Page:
Cash flow interruptions are frustrating, time consuming, and expensive problems that every business struggles with to some degree. Unexpected costs and late payments are common problems, and become more common as a business grows and becomes more complex, and as it works with more and more clients. Because of this, managing cash flow perfectly—so that working capital is always on hand when it’s needed, but isn’t left simply sitting around—is virtually impossible. Businesses are inevitably left short on working capital, and are forced to scramble for solutions by reshuffling budgets, chasing late payments, or cutting funding somewhere else.

Fortunately, it doesn’t have to be that way. To minimise the impacts that cash flow interruptions can have, businesses need fast access to flexible financing. By using tools like invoice financing and supply chain finance, they can get the funds they need almost instantly, eliminating the need for more disruptive action.

Cash flow interruptions are expensive

Businesses pay for cash flow interruptions in more than one way. As a direct consequence, a temporary lack of liquidity can prevent a business from operating efficiently in the near term. It could delay the hiring of much-needed talent, or the replacement of outdated equipment.

At the same time, reorganising spending to deal with a shortfall inevitably means that the work of some employees will go to waste. Marketing campaigns, recruitment drives, and other projects that are cancelled to free up funds for more vital concerns inevitably result in sunk costs. Once they can be funded again, much of the work will need to be redone. The most significant cost, however, is the opportunity cost of the time business leaders spend dealing with cash flow problems.

Business leaders need to prioritise their time

Businesses rely on their leaders to look outward, and to prepare them for the future. That means building relationships with investors and the rest of the industry, determining how best to compete, and developing a growth strategy. While small business owners might be able to spend some of their time chasing down late payments or changing budgets around, larger organisations need leaders to focus on the bigger picture. The more time a business’ leaders spend on internal issues, the less time they have to lead the business.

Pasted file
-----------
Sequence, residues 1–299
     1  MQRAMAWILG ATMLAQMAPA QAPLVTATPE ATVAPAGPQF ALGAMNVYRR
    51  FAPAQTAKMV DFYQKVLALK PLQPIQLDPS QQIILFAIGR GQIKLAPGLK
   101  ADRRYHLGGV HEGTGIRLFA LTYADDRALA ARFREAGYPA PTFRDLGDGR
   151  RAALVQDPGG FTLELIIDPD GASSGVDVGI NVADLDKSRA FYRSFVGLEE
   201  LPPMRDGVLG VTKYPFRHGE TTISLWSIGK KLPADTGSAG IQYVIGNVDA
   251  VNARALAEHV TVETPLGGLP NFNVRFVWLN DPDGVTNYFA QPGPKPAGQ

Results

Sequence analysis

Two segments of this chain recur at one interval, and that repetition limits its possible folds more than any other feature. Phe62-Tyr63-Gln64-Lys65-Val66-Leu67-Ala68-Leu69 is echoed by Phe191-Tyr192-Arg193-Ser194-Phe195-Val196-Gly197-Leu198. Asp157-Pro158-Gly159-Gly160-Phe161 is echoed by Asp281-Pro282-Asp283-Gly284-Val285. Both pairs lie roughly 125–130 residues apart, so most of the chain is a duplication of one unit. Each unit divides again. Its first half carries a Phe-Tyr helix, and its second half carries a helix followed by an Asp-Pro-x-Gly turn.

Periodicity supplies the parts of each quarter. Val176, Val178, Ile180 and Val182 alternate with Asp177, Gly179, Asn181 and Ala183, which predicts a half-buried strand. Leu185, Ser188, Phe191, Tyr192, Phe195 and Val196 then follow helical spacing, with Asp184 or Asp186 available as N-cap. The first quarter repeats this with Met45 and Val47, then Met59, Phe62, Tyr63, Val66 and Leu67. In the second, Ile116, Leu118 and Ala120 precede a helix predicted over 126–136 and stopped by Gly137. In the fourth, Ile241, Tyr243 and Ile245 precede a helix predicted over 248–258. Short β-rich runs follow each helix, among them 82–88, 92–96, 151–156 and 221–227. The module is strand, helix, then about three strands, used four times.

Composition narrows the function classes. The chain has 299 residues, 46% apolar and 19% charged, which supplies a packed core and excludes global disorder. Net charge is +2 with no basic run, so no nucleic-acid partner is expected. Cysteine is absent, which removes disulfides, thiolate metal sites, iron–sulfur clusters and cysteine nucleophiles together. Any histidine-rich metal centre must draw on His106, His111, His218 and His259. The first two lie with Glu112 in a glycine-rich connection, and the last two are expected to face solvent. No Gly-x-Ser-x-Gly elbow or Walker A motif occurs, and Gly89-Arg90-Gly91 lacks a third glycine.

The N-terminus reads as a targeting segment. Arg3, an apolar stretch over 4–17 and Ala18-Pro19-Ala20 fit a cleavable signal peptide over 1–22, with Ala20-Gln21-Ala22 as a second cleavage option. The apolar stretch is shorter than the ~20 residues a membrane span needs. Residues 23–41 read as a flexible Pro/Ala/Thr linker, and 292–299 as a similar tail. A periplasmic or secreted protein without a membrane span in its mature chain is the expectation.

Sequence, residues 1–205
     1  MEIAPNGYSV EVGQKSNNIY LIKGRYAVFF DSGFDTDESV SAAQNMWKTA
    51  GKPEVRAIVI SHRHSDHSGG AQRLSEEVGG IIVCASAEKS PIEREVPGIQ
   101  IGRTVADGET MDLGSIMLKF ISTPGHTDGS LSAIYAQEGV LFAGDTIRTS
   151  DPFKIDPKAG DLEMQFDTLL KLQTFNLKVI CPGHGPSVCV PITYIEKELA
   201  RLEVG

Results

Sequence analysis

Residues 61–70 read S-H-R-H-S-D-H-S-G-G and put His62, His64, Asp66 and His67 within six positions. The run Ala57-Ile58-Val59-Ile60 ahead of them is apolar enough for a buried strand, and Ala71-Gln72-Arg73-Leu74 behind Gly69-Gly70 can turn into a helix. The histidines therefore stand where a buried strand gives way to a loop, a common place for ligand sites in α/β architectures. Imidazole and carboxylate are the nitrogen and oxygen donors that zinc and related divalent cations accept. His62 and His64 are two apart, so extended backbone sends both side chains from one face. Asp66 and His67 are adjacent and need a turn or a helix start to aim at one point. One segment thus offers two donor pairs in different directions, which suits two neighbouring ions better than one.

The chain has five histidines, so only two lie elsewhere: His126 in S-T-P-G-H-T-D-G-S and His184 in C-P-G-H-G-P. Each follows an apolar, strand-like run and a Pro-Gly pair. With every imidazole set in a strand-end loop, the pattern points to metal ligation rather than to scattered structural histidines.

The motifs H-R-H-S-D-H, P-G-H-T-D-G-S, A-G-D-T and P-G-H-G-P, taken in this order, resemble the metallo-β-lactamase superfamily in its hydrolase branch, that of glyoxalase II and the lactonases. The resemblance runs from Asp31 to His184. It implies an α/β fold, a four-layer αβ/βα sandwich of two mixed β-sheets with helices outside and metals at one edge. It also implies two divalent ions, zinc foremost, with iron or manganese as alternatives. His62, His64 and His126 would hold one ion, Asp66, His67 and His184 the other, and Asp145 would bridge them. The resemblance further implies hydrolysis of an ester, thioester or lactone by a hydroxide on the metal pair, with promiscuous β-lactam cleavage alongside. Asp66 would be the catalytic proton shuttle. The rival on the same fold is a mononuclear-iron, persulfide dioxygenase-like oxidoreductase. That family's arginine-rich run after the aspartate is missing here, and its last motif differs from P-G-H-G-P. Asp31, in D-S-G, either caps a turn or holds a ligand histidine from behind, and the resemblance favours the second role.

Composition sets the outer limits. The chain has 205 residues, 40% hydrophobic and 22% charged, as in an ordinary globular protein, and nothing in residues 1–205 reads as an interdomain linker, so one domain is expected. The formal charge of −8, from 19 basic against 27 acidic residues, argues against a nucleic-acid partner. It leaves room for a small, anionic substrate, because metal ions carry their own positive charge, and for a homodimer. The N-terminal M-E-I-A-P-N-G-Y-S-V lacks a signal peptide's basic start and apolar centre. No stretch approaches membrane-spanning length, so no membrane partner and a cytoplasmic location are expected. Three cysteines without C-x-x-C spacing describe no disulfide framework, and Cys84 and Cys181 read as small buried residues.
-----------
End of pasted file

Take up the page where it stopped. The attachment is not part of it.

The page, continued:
Continuously rewriting a budget as a way to manage cash flow comes at the cost of the business’ future. That’s what makes fast and flexible financing solutions essential to any business’ long term success. It not only helps businesses to avoid the direct inconvenience and cost of a cash flow interruption, it also clears critical time in the schedules of business leaders that allows them to focus on the bigger picture, and to guide the company forward.

Applying flexible financing to manage cash flow

There are a range of different financing solutions available to businesses, however two are particularly useful when it comes to managing cash flow issues. Supply chain finance and invoice finance allow businesses to consolidate funds, by holding on to existing working capital longer, and bringing in outstanding payments sooner. This allows them to access the liquidity they need without the use of debt.

Supply chain finance

When using supply chain finance, a business is working with a financier to extend payment to a supplier on their behalf. The financier then makes payment to the supplier, while allowing the business to defer its own payment by up to 90 days. This extends the business’ payment terms, while still ensuring that the supplier is paid on time. Moreover, the supplier can request to be paid early in exchange for a discount on their invoice.

The result is that suppliers can be paid sooner, while procurers can hold on to their working capital longer. Until that payment comes due, the business is free to repurpose the working capital that would have been used on the supply payment to manage other costs.

Invoice finance

Invoice finance allows businesses to pay themselves an advance. To finance an outstanding invoice, they simply trade it in for an upfront payment. The financial institution accepting the invoice will issue most of the funds immediately—often within hours—providing the business with almost instant liquidity. Then, once the invoice is due, the financier will receive payment from the customer before paying out the remaining amount, minus their fee.

These financing tools allow businesses to avoid the consequences of a cash flow interruption before it can actually cause damage. While some effort might still be needed to chase down late payments, corners don’t need to be cut, budgets don’t need to be reorganised, and projects don’t need to be cancelled. Most importantly, business leaders don’t have to spend their time managing daily financial concerns, allowing them to focus on the future and to lead.